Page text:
Audit noticed that many of projects, where the promoter had poor experience, were not completed within schedule
Rural Electrification Corporation Limited (REC) and Power Finance Corporation Limited (PFC) did not conduct appropriate due diligence during credit appraisal in power generation projects and in the process assumed higher risks on the loan accounts, noted the Comptroller and Auditor General (CAG) in a report.
Participation of private sector in power generation grew significantly with the enactment of the Electricity Act, 2003. REC and PFC also participated in these projects as lenders. Over 2013-14 to 2015-16, REC and PFC disbursed loans amounting to Rs 47,706.88 crore to Independent Power Producers (IPPs), said report No.34 of 2017 - Compliance audit Union Government Loans to Independent Power Producers by Rural Electrification.
A significant proportion of loans extended to IPPs became stressed/turned Non-Performing Assets (NPAs). In this context, Audit reviewed the procedures adopted by REC and PFC for appraisal, sanction and disbursement of loans to IPPs during 2013-14 to 2015-16.
that both REC and PFC deviated from their internal guidelines and also did not conform to the Reserve Bank of India guidelines in this regard.
“The experience and ability of the promoters to develop the projects was not assessed objectively. The experience of project promoters were assessed based on individual judgement and promoters who did not have relevant sector experience were found eligible for loans. Audit noticed that many of projects, where the promoter had poor experience, were not completed within schedule,” it said.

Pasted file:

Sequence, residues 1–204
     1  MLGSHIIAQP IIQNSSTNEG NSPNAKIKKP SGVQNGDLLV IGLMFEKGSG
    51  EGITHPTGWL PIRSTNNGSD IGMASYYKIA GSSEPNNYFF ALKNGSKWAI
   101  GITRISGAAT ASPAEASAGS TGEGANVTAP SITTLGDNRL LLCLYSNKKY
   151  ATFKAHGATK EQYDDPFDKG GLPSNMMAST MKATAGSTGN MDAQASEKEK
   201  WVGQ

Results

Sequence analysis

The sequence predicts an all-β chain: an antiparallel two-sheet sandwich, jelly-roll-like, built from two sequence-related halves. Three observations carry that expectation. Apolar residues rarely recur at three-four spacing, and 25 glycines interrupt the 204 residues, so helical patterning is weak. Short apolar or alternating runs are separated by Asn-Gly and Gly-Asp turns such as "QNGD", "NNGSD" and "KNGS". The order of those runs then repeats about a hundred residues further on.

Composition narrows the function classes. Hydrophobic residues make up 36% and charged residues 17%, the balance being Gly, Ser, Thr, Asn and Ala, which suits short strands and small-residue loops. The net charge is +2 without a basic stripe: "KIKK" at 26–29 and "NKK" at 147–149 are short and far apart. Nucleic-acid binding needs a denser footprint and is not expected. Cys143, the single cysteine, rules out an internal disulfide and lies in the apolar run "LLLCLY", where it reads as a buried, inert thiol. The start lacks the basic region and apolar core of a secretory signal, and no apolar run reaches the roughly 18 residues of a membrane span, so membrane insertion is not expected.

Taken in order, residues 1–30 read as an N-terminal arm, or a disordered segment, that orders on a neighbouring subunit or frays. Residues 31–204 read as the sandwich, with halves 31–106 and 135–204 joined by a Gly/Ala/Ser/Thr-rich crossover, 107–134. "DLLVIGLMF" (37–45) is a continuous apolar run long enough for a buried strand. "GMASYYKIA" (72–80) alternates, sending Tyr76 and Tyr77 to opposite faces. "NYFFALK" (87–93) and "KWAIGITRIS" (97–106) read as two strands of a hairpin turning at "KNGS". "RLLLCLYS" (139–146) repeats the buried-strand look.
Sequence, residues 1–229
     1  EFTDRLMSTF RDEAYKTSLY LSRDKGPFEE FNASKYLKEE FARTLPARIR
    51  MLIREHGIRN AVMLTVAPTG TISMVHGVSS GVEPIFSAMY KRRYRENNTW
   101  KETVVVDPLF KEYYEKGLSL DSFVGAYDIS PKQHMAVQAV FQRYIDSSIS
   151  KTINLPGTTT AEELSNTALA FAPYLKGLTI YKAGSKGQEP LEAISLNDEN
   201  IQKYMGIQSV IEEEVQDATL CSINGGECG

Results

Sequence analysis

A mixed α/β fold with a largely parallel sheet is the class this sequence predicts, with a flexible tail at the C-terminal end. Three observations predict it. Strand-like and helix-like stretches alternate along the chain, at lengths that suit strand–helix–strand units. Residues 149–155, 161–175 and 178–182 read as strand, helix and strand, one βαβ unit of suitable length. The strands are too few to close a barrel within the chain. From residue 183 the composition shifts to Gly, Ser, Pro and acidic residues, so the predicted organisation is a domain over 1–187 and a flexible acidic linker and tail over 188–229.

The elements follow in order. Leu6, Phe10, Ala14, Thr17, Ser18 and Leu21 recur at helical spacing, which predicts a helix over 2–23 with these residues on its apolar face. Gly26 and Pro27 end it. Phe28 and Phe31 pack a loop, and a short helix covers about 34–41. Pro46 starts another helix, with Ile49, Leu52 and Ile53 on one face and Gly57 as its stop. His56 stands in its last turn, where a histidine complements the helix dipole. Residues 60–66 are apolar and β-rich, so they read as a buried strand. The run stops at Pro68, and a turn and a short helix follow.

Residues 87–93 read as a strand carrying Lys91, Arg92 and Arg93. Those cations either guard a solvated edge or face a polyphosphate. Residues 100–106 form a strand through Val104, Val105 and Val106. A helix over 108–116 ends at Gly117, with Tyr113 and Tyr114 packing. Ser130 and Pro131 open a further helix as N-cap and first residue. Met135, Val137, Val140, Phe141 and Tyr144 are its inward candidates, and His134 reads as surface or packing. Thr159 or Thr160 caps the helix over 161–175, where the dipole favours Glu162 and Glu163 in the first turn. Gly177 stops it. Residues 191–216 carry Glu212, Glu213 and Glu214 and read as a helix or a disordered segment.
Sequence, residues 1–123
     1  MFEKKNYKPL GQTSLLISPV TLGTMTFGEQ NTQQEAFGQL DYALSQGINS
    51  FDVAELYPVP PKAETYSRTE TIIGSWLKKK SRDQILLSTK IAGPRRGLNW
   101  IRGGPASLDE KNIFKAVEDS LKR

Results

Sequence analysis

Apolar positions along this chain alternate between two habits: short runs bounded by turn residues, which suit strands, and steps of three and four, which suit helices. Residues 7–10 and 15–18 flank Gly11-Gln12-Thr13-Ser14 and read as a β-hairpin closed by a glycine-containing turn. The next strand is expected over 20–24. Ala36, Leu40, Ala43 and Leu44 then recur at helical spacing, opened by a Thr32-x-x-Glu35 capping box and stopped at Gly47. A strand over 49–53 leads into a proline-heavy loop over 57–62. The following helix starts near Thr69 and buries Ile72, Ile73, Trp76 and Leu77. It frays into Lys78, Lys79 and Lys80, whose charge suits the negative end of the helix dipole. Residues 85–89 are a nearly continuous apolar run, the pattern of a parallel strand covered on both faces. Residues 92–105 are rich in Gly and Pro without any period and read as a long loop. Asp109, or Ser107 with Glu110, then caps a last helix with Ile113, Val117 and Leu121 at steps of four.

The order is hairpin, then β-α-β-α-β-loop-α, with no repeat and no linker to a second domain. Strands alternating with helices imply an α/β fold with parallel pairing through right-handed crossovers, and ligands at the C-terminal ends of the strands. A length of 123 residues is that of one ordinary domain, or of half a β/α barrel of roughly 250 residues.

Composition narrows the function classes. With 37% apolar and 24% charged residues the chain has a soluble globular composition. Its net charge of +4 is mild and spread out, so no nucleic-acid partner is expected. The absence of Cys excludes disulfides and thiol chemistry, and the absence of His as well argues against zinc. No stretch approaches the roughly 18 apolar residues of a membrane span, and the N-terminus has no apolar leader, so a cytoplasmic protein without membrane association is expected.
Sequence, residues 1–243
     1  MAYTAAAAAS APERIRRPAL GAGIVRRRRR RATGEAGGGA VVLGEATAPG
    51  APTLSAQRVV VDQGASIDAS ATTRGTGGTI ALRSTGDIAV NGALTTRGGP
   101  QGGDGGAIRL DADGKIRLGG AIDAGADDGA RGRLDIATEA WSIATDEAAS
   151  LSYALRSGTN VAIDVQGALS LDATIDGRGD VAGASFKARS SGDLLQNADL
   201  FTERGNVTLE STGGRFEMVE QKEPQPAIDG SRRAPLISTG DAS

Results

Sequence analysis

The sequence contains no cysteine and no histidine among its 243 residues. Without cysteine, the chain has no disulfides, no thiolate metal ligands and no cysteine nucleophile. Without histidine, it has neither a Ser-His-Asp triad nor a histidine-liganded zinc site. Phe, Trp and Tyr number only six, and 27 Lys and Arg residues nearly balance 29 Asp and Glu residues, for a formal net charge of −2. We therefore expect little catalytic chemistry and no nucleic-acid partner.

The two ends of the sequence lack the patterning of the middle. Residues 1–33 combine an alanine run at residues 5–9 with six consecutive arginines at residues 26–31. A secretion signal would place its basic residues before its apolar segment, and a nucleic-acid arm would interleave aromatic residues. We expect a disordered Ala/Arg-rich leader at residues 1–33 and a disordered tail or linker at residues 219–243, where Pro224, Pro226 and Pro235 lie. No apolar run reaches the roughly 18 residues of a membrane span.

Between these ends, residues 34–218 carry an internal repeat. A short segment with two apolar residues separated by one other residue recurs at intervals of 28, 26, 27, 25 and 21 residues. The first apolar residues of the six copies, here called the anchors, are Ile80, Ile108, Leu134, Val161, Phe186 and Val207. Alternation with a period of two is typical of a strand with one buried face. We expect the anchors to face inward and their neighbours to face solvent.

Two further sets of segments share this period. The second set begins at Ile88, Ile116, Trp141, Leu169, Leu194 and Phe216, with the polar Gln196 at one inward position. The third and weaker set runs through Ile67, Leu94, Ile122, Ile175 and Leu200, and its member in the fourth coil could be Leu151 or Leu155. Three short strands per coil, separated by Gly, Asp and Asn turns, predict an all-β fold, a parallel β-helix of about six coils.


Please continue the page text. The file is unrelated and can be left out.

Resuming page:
The financial capacity of the promoter to bring in equity for the project in the face of competing demands was not adequately assessed. In the sample selected by Audit, nine projects had to be restructured multiple times which increased the interest during construction by Rs 13,312.78 crore in six loan cases and resulted in NPAs of Rs 3,038.44 crore in three loan cases, said the report.
CAG said that the guidelines of REC and PFC do not envisage a situation where the contractors engaged by the promoter for implementation of a project are related parties of the promoters. Audit noticed that in seven loan cases, the contractor and the promoter were same/ related entities. In these cases, the loan sanctioned by REC and PFC to the promoter for execution of the project remained with the promoter group and the actual stake of the promoter in implementing the project was difficult to assess. It was also noticed that the credit worthiness of the contractors and their ability to fulfil contractual obligations was not being appraised by REC and PFC.
As per the Common Loan Agreement (CLA), loan funds were to be disbursed after fulfilling the pre-disbursement conditions mentioned in the loan agreements. These conditions were incorporated in the loan agreements in order to mitigate the risks perceived at the time of detailed appraisal of the borrowers regarding their ability to bring in required equity funds and for recovery of loan within the prescribed time. Audit, however, observed that the pre-disbursements conditions were relaxed by REC and PFC from time to time in five loan cases. After the first disbursement, subsequent disbursements were often made to save the funds already disbursed, further relaxing the conditions and extending the timelines.
The report went on to say that as per RBI guidelines (July 2013), financing agencies should not depend entirely on certificates issued by Chartered Accountants but strengthen their internal controls and credit risk management system to enhance the quality of their loan portfolio. However, no policy in REC and PFC was in place to ensure end utilization of funds by the borrower and both the Companies were solely dependent on Auditors Certificate regarding end use of the funds. Audit noticed siphoning/diversion of Rs 2,457.60 crore by the borrowers/promoters in the sample reviewed.